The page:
Which is a pretty spectacular season. In mid-November, the Phoenix pushed in-state BCS power Wisconsin to the brink before salting away Virginia, now-ranked No. 6 in the country, 75-72. Sykes dropped 32 against the Badgers, and posted 21 points and 10 assists against the Cavaliers.
With a 67-53 win over Valparaiso on February 20, the Phoenix clinched the Horizon League regular season title for the first time in 18 years. “It was a great feeling,” Sykes said on the phone, five days later. “It was great to embrace that with the coach that recruited me, the people who helped me with extra film sessions and extra repetition, and all the guys I came in with.”
On March 2, Sykes was named the Horizon League Player of the Year. At the end of the regular season, he was one of just two players in the country averaging better than 20 points, 5 assists and 4 rebounds per game. (His distribution has since “dipped” to 4.8 dimes per game.—Ed.) He was named conference player of the week six times, giving him an unprecedented 10 for his career.
Whether Green Bay is an NCAA Tournament team is, unfortunately, up in the air. In one of the crueler twists of the college basketball season, the Phoenix lost to heated rival Milwaukee 73-66 in an OT thriller this past weekend in the semifinals of the Horizon League tournament. For a league frequently referred to (this season, that seems particularly unjust) as “one-bid,” it did not bode well.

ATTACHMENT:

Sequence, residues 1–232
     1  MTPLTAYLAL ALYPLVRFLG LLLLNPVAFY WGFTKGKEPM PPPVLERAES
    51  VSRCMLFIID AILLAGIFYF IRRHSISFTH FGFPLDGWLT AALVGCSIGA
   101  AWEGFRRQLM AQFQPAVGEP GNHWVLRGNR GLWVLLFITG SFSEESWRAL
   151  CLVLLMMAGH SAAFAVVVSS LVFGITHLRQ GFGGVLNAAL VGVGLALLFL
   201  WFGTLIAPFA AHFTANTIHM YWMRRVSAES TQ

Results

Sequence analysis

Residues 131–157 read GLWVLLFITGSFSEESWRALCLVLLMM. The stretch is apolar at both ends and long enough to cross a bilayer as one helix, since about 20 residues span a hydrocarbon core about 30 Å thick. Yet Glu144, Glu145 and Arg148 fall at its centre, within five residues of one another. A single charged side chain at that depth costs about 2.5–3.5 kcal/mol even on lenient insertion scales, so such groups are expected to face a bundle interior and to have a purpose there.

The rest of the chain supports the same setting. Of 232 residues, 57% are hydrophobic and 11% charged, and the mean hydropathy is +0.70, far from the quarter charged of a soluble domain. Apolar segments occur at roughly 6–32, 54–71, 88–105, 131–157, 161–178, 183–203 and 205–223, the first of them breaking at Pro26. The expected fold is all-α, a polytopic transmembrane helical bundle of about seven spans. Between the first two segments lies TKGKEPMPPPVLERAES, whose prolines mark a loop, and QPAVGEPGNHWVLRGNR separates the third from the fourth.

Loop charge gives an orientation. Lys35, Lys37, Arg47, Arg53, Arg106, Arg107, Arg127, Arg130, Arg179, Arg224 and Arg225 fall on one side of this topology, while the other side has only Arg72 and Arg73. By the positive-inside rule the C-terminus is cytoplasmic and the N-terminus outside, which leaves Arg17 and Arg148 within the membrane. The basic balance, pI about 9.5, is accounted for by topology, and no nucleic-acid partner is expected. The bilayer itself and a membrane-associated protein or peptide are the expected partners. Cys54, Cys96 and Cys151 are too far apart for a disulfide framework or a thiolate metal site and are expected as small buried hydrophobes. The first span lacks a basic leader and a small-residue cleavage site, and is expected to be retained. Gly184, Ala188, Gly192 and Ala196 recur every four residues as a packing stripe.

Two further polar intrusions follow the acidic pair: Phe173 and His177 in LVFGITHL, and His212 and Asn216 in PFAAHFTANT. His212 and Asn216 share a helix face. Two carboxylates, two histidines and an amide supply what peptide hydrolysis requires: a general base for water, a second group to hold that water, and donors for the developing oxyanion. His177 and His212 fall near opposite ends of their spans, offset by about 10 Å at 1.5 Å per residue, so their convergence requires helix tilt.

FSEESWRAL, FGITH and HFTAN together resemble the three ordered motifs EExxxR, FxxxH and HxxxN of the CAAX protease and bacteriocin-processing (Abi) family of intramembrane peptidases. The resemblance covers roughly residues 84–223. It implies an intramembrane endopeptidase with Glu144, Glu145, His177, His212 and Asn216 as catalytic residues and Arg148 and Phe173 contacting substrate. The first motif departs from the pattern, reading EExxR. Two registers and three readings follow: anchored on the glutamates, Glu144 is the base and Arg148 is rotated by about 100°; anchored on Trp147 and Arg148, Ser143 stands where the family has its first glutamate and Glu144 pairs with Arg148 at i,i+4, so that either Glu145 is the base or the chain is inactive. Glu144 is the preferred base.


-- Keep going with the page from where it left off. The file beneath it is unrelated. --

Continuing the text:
But this team’s theme is Strictly Business, and that’s exactly how they’ll approach these final throat-clutching days before Selection Sunday. They’ll focus on getting healthy. It wasn’t until late February that Wardle could hold a practice with his entire roster.
Sykes will lead the way. The Phoenix have won 24 games (against just six losses) in large part because of their special blend of camaraderie. “We didn’t want the competition to come from within the program,” says Sykes. “We wanted competition to come from our opponents. Our guys want to do whatever it takes to win. That’s why we’re in this position.”
Let’s start with the gym.
Sykes’s father, James, operated a recreational center on the North Side of Chicago. From the time he was 2, Sykes could totter on to the court and play whatever sport he pleased.